Accents – Dublin Fringe Festival – Review
Performances: 11 – 17 September – 21:00, €20/ €18
Other performances: 17 September – 13:00, €20/ €18
Venue: Project Arts Centre – Space Upstairs
The set for this piece is closer to a gig than it is to a typical theatre production. The Space Upstairs in the Project has three raised platforms towards the rear of the space. On these platforms, there are a number of musical instruments including a piano, keyboards and guitar, along with a variety of electronic toys and gadgets. Emmet Kirwan emerges and stands centre stage. He is joined by three musicians in this hybrid piece. The musicians create an impressive backing track for Emmet’s tale of his last 42 years on earth!
Emmet Kirwan has recently become a father. His partner had a baby boy less than a year ago. Emmet uses this momentous occasion as a reason to look back on his life and see the events that shaped him. He talks about his parents, his youth in Tallaght and much else besides.
The other major element in the production is the housing crisis. Kirwan has never been afraid to delve into politics and as with a lot of other Fringe productions, the hot topic of the year is housing. While it does jar with the personal story that comes before it, Kirwan shows how the housing crisis has affected his own life and then names a number of simple solutions that he hopes could be enforced.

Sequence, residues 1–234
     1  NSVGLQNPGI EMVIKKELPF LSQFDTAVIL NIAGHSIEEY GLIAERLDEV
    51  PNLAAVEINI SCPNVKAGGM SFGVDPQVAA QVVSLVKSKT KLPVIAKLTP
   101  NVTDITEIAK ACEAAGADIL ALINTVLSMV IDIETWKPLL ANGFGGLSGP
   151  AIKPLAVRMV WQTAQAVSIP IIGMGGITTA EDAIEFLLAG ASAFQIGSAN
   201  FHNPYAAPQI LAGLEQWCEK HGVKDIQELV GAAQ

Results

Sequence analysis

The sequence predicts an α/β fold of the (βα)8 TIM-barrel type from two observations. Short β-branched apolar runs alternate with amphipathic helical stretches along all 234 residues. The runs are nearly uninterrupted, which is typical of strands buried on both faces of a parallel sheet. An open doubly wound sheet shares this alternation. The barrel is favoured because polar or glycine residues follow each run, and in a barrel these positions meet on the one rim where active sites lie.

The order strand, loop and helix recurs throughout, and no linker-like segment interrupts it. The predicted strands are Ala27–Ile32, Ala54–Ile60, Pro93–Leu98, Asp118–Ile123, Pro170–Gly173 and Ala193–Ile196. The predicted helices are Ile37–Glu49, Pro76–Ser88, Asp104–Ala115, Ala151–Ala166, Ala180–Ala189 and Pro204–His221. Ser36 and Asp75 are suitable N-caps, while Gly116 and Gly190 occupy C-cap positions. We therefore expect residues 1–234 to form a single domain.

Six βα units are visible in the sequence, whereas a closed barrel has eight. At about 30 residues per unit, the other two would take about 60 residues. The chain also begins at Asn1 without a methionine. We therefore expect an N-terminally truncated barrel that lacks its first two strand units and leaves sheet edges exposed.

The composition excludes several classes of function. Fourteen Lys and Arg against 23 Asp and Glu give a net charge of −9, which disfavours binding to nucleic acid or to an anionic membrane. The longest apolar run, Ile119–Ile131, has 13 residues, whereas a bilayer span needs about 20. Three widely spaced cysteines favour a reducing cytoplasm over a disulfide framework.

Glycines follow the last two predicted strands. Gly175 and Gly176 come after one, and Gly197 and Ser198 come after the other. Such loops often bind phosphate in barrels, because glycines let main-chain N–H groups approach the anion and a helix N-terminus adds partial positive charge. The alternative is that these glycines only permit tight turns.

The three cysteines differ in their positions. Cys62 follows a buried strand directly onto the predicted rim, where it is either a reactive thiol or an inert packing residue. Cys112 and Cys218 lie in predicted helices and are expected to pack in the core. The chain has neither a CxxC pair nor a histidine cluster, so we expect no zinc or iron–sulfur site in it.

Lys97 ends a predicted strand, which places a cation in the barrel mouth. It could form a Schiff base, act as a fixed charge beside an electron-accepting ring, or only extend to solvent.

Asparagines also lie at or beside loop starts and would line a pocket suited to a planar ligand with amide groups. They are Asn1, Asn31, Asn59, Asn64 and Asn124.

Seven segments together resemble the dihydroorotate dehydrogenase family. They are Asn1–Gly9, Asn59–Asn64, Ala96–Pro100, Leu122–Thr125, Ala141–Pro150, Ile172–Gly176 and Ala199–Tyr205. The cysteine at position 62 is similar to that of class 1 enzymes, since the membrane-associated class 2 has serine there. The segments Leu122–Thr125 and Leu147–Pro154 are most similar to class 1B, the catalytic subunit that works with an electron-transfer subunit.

While the piece is called Accents, it is actually something of a misnomer. Emmet was recently on Arena and he discussed how the project had changed since its inception. The piece is largely a personal history. Kirwan is the focus of the event, performing centre stage while the three musicians create layered sounds in the background. It is the symbiosis of these elements that creates some special moments.
Whatever you call it, rap, spoken word or simply acting, Emmet is certainly a talented orator. His knowledge of accents and speech patterns is impressive and he can easily change from one to another. His enunciation is also striking and the flow of words out of his mouth at high speed would put many rappers to shame. The music created by the three-piece band is by no means filler and the work of composer Eoin French, who has released a number of albums as Talos, elevates the production to another level. This is Kirwan back doing what he does best, and there is a lot to enjoy. Whether it’s a personal history or a political statement, Kirwan delivers his message with style, intelligence and a wry grin!
Writer: Emmet Kirwan
Composer: Eoin French (Talos)
Director: Claire O’Reilly
Lighting Designer: Zia Holly
Production Manager: Grace Halton
Producer: Kate Ferris
Producer with Project Arts Centre: Cian O’Brien
Image: Sarah Doyle
Categories: Header, Theatre, Theatre Review
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